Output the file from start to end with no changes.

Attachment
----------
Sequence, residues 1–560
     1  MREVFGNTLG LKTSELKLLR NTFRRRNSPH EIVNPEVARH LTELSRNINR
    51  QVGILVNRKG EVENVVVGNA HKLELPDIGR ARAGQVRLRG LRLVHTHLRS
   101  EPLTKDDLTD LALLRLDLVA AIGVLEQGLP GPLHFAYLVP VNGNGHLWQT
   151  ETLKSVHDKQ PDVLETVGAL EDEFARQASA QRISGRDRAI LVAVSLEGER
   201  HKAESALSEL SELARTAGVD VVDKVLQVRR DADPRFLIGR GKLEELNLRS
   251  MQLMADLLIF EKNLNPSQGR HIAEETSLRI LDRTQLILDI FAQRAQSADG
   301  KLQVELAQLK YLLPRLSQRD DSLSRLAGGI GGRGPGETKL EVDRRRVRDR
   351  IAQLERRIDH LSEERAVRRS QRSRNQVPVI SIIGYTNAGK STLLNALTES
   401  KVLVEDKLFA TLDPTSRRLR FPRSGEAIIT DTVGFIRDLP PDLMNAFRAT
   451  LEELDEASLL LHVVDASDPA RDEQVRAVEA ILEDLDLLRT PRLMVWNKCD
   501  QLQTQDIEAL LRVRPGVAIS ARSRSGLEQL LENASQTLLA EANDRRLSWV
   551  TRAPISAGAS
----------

Sequence, residues 1–560
     1  MREVFGNTLG LKTSELKLLR NTFRRRNSPH EIVNPEVARH LTELSRNINR
    51  QVGILVNRKG EVENVVVGNA HKLELPDIGR ARAGQVRLRG LRLVHTHLRS
   101  EPLTKDDLTD LALLRLDLVA AIGVLEQGLP GPLHFAYLVP VNGNGHLWQT
   151  ETLKSVHDKQ PDVLETVGAL EDEFARQASA QRISGRDRAI LVAVSLEGER
   201  HKAESALSEL SELARTAGVD VVDKVLQVRR DADPRFLIGR GKLEELNLRS
   251  MQLMADLLIF EKNLNPSQGR HIAEETSLRI LDRTQLILDI FAQRAQSADG
   301  KLQVELAQLK YLLPRLSQRD DSLSRLAGGI GGRGPGETKL EVDRRRVRDR
   351  IAQLERRIDH LSEERAVRRS QRSRNQVPVI SIIGYTNAGK STLLNALTES
   401  KVLVEDKLFA TLDPTSRRLR FPRSGEAIIT DTVGFIRDLP PDLMNAFRAT
   451  LEELDEASLL LHVVDASDPA RDEQVRAVEA ILEDLDLLRT PRLMVWNKCD
   501  QLQTQDIEAL LRVRPGVAIS ARSRSGLEQL LENASQTLLA EANDRRLSWV
   551  TRAPISAGAS